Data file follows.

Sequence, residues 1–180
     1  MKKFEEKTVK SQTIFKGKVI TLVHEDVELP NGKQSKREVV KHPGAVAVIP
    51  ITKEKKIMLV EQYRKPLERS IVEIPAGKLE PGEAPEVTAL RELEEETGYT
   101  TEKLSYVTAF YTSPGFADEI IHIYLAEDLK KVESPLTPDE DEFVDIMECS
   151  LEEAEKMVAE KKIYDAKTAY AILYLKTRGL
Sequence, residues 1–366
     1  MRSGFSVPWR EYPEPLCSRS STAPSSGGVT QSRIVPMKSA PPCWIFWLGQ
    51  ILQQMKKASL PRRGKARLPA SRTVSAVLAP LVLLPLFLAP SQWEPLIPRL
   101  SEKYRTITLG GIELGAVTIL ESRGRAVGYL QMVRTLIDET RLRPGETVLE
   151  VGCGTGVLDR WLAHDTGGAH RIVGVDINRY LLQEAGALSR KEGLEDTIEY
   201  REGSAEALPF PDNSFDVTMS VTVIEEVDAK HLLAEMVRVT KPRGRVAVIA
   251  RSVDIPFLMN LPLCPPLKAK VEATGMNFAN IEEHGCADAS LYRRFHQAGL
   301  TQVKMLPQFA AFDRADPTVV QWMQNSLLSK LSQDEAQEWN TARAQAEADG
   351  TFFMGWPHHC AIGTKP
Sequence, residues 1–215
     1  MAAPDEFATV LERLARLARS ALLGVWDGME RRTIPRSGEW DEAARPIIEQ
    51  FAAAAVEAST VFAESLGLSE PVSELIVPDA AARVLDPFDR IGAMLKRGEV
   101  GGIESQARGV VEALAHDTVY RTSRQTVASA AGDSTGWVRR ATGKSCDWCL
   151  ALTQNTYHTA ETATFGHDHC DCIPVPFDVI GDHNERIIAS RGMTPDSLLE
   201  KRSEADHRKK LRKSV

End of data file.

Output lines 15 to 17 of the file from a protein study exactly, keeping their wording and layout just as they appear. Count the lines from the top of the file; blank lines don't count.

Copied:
Sequence, residues 1–215
     1  MAAPDEFATV LERLARLARS ALLGVWDGME RRTIPRSGEW DEAARPIIEQ
    51  FAAAAVEAST VFAESLGLSE PVSELIVPDA AARVLDPFDR IGAMLKRGEV